So it's now late January, are you still following through on your New Year's resolutions? If you are, good for you. I am thoroughly impressed with your tenacity! I can not say the same for myself. And I am not alone. 98% of people do not follow through with their resolutions, at least according to this article.
Why do so many of us put ourselves through the ordeal of setting yearly commitments in an effort to completely change our behaviors? Of course I always believe in working to better oneself, but there is a lot of research that proves that expecting big change to happen at once can often be a recipe for failure.
If our parents are a reflection of who we might be in 20 to 30 years, our grandparents are a reflection of who we might be in 50 to 60 years. They have lived longer, done more, and seen more than we could even imagine. Theirs is a long-term experiment in experiential learning. I'm sure every single one of our grandparents could tell us that change doesn't happen overnight. Each year of their lives does not stand alone as "the year I lost all the weight and kept it off", followed by "the year I learned a new language", and then "the year I got so organized that everyone is still impressed" (all some pretty common New Year's resolutions). If nothing else can remind you that life is a long-term learning experience, full of ups and downs, successes and failures, a reminiscence on your grandparents' lives might serve as that reminder.
Short term goals are all well and good, but they normally don't define a successful life. When looking back on the lives of your grandparents, your parents, your friends' grandparents, or really any person who came before you, how do you define a successful life? If you are talking about Steve Jobs, you might define success by status and money, goals and material acquisitions to which we often aspire. But do we define our grandparents the same way? Our great-grandparents? The everyday, real people we know, talk to, and love? When looking back at our lives at the age of 100 (it could happen, it's 2015) will we define our entire lives by our career status or by our level of happiness?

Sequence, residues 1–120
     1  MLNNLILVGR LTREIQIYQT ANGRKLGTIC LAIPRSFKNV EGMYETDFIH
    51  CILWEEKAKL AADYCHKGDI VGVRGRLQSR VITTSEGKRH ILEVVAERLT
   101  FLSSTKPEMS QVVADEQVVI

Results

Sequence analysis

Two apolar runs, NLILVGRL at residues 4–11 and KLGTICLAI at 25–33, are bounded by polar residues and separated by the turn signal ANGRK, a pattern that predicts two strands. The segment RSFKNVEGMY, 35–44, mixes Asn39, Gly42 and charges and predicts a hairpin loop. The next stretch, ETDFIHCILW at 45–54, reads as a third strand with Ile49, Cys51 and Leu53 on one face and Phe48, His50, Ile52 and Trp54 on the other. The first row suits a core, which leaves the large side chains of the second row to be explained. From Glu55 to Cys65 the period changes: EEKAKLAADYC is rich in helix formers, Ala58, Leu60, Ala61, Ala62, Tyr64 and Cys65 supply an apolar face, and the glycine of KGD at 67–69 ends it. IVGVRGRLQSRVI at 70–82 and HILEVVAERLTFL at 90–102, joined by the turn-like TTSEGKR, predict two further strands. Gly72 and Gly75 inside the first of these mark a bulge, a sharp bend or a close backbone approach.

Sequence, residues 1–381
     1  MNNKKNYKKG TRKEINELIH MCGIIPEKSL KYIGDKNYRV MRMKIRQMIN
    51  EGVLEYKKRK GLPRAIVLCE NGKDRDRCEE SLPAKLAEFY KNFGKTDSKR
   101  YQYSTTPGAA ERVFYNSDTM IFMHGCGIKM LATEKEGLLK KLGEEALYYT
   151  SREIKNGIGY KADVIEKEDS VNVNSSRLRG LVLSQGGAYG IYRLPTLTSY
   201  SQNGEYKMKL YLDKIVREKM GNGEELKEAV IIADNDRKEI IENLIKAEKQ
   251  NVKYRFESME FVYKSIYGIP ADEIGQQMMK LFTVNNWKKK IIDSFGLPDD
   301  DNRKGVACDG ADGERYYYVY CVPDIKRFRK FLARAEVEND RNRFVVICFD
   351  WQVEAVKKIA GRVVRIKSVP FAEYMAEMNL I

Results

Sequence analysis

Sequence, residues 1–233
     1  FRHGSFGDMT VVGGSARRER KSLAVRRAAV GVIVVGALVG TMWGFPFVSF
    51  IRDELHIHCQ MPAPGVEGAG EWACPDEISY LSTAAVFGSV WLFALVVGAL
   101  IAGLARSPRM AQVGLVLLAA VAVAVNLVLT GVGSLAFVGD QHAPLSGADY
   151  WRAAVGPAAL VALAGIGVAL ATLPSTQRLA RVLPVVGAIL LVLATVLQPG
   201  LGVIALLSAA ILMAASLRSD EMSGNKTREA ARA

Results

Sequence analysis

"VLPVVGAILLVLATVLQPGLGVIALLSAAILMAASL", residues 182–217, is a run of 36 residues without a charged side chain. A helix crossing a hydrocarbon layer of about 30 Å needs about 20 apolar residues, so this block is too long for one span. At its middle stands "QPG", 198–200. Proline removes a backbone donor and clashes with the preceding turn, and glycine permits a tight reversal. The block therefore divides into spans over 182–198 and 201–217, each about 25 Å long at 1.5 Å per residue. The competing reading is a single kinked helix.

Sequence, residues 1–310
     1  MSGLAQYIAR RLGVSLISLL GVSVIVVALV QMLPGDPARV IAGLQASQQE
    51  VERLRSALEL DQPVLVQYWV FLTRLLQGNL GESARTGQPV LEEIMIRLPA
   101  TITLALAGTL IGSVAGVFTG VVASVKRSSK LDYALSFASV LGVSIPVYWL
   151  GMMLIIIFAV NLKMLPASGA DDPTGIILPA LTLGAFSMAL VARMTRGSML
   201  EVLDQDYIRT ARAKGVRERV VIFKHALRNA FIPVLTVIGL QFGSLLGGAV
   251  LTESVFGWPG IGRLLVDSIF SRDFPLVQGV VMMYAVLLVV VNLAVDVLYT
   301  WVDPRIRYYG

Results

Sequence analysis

Sorry, I just had to. This song is the perfect soundtrack to the rest of this post.
I think there's only one real resolution, at the start of every new year, but also at the start of every day, week, or month:
If that means losing (or gaining) weight to be happier in your body, find an activity that you enjoy that will help you get there. Dance, run, ski, take your dog for more walks (I signed up for a ballroom dance class this Spring, I'll keep you posted). Maybe your goal is learning a new language, or taking a vacation to a place unknown and make some new friends. Do something that makes you happy to get to a place that makes you happy. Establish your values and work toward them every day, not just every January.
When reflecting back on life (from the age of our grandparents), we are likely to hold the view that our lives are defined not by material possessions, nor by calendar years, but by times of happiness, sadness, strength, and hope. Make a resolution to be happy, and spread that happiness to those around you. Take your happy self over to your parents' or your grandparents' homes and spend some time with them. I know they will love you for it.
Trying to think of something to share with your grandparents?
Looking for something that will make you happy?
Look no further!
My Grandma's is giving away a free and delicious coffee cake!
Enter to win below and we will ship a cake anywhere you want it to go to cheer up anyone you want to share a smile with!